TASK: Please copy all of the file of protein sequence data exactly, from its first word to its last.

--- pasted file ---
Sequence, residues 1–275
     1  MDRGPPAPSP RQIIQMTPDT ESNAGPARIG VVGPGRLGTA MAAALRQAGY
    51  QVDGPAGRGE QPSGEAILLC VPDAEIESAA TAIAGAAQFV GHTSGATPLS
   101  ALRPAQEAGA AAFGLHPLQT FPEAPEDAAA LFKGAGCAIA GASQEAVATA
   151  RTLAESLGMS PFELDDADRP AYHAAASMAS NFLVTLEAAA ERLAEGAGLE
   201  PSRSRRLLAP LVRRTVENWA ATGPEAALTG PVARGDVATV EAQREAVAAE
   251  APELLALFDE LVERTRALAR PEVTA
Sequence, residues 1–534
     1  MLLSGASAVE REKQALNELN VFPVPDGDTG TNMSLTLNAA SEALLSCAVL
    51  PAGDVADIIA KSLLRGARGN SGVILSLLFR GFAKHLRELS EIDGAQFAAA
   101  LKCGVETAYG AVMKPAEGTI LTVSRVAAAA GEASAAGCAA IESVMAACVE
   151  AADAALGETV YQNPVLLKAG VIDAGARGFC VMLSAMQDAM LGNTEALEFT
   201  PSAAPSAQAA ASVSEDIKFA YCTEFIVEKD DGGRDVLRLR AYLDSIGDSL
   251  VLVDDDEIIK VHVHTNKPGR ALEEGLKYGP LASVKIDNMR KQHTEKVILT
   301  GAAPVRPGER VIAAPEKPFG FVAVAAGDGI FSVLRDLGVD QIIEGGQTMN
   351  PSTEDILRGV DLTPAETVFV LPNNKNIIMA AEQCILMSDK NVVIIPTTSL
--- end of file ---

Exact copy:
Sequence, residues 1–275
     1  MDRGPPAPSP RQIIQMTPDT ESNAGPARIG VVGPGRLGTA MAAALRQAGY
    51  QVDGPAGRGE QPSGEAILLC VPDAEIESAA TAIAGAAQFV GHTSGATPLS
   101  ALRPAQEAGA AAFGLHPLQT FPEAPEDAAA LFKGAGCAIA GASQEAVATA
   151  RTLAESLGMS PFELDDADRP AYHAAASMAS NFLVTLEAAA ERLAEGAGLE
   201  PSRSRRLLAP LVRRTVENWA ATGPEAALTG PVARGDVATV EAQREAVAAE
   251  APELLALFDE LVERTRALAR PEVTA
Sequence, residues 1–534
     1  MLLSGASAVE REKQALNELN VFPVPDGDTG TNMSLTLNAA SEALLSCAVL
    51  PAGDVADIIA KSLLRGARGN SGVILSLLFR GFAKHLRELS EIDGAQFAAA
   101  LKCGVETAYG AVMKPAEGTI LTVSRVAAAA GEASAAGCAA IESVMAACVE
   151  AADAALGETV YQNPVLLKAG VIDAGARGFC VMLSAMQDAM LGNTEALEFT
   201  PSAAPSAQAA ASVSEDIKFA YCTEFIVEKD DGGRDVLRLR AYLDSIGDSL
   251  VLVDDDEIIK VHVHTNKPGR ALEEGLKYGP LASVKIDNMR KQHTEKVILT
   301  GAAPVRPGER VIAAPEKPFG FVAVAAGDGI FSVLRDLGVD QIIEGGQTMN
   351  PSTEDILRGV DLTPAETVFV LPNNKNIIMA AEQCILMSDK NVVIIPTTSL